I would be interested in discussing the power culture in the news media.  Newscasters speak in “formal english”.  Ironically Oprah Winfrey lost her first broadcasting job because she was told she wasn’t Television material.  In spite of that initial setback, she has become one of the most powerful women in this country.  Just listen to how she speaks.  She played the game.  And after achieving her position of power, she began putting programs in place to challenge that culture of power.  Below is a link to a short video showcasing the first graduating class at the Leadership Academy in South Africa in 2012.  It is important to note that Delpit believes that for true change to occur it needs to be initiated at the top.  Oprah's South African Academy is a perfect example of change coming from the top.

I am including this photo as well.  Look at the sign.  It was created by a graphic designer.  What a great example of someone in a position of "power" helping someone that doesn't have the "linguistic skills" to create this work of art.  How would you react if you drove by this person.  And look at the smile on her face.  I think this is wonderful . . . The little things add up!


FNED 346

Dr. Bogad

Jonathon Kozol, "Amazing Grace"

In “Amazing Grace”, Jonathon Kozol offers a subjective view of Mott Haven, NY in 1995.   95% of the population were poor in this section of the south Bronx which boasted the largest concentration of racially segregated people in the US.  Children in the school system received free lunches because they were categorized as “destitute”.  This, in the heart of New York City, a place where “if you can make it here, you can make it anywhere.”  Kozol offers no solutions.  And I believe his choice to write this was about acknowledgement and raising consciousness.  He never injects his own feelings into the dialogues he had with the children, adolescents and adults of this community.  In 1995, it was with “amazing grace” that the men women and children of Mott Haven lived their lives.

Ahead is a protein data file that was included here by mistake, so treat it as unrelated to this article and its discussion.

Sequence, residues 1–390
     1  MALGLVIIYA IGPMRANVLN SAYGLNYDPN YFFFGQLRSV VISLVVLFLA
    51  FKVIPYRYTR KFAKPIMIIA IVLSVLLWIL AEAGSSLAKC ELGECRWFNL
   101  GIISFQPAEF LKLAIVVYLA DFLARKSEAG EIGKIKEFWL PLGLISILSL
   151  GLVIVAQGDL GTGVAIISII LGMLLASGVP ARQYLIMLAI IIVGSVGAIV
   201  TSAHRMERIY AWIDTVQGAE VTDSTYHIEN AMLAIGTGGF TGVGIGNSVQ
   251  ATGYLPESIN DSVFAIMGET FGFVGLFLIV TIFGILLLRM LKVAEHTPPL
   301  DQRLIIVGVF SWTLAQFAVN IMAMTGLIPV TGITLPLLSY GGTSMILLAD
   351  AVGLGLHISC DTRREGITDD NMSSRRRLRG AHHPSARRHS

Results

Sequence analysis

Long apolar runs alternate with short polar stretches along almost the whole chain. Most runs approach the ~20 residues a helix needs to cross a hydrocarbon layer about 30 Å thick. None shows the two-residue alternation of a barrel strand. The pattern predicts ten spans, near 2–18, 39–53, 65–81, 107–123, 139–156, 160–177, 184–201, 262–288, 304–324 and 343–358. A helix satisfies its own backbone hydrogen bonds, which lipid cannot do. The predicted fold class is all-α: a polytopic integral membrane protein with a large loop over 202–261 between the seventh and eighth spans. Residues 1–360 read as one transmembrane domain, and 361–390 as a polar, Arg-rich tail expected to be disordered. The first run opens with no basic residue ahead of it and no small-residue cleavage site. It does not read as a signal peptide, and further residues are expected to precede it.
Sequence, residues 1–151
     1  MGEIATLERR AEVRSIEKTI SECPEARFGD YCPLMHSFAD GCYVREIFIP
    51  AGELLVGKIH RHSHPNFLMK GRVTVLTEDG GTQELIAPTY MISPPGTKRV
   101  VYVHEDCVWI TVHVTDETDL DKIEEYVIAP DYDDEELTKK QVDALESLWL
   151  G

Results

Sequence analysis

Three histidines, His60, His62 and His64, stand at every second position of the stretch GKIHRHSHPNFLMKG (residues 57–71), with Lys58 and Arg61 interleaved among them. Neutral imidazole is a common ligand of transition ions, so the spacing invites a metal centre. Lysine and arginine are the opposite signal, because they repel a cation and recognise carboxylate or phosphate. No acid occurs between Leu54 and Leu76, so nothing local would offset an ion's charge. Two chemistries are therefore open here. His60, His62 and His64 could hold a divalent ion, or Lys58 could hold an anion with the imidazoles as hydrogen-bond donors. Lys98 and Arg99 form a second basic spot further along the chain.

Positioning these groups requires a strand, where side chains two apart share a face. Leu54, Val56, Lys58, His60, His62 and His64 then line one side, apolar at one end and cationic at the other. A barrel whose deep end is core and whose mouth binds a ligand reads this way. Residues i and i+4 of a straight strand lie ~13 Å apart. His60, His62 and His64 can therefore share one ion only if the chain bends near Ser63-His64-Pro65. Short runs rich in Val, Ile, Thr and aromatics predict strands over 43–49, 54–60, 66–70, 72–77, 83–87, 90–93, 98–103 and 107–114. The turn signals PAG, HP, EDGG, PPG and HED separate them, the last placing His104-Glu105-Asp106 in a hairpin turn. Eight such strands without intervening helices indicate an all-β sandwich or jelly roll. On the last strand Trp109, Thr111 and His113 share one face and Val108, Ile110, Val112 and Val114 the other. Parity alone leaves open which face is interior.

As a nation if we are to have a conscience about this horrific quality of life in our own backyard, Mott Haven, we have to acknowledge that it exists.  In “White Privilege: Unspeaking the Invisible Knapsack”  McIntosh states that obliviousness to the existence of privilege (or lack there of) is strongly “inculturated” in our country so as to maintain the myth that choice is available to all.  The privileged cling to the illusion that they are doing good, helping those less fortunate, without actually doing anything.  For purposes of discussion, the less fortunate in this case are the residents of Mott Haven.  And through Kozol’s accounts, we see the inability of a government implemented welfare system to help those who “chose” to get help.  For many in Mott Haven, resignation was an easier option after multiple attempts to work within the system failed.  So this choice looked like poverty and destitution.  Our government, those with power and privilege created the welfare system and in Mott Haven it wasn’t working.